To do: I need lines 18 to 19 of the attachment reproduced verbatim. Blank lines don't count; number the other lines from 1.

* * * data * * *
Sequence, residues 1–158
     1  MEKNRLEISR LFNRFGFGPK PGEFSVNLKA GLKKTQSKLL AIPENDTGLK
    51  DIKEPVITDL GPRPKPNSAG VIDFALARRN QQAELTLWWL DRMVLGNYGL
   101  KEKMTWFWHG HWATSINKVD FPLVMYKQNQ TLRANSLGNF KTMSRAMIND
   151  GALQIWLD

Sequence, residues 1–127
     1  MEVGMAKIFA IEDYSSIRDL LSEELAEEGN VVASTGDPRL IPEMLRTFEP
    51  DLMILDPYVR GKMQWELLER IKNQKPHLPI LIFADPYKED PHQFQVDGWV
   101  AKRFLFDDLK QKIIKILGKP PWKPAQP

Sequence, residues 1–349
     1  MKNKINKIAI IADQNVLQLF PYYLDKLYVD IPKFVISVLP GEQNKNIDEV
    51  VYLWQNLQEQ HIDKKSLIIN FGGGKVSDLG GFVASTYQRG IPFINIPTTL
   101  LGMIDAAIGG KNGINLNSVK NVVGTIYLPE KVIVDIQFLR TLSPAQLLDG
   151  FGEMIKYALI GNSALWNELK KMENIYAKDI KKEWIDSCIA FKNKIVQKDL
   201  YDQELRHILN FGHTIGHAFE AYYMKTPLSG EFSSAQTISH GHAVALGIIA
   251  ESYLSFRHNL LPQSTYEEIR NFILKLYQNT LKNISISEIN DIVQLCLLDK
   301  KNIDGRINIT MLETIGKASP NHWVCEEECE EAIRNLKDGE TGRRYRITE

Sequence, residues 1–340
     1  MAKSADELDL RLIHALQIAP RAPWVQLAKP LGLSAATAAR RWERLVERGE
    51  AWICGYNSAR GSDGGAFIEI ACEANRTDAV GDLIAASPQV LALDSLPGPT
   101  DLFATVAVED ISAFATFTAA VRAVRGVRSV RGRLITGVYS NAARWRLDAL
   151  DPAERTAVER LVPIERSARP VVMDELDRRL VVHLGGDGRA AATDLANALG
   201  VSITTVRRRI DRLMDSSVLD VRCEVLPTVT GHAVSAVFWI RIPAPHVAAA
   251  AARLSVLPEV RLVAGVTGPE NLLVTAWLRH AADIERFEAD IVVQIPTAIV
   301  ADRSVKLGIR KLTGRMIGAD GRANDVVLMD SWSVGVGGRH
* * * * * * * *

Sequence, residues 1–340
     1  MAKSADELDL RLIHALQIAP RAPWVQLAKP LGLSAATAAR RWERLVERGE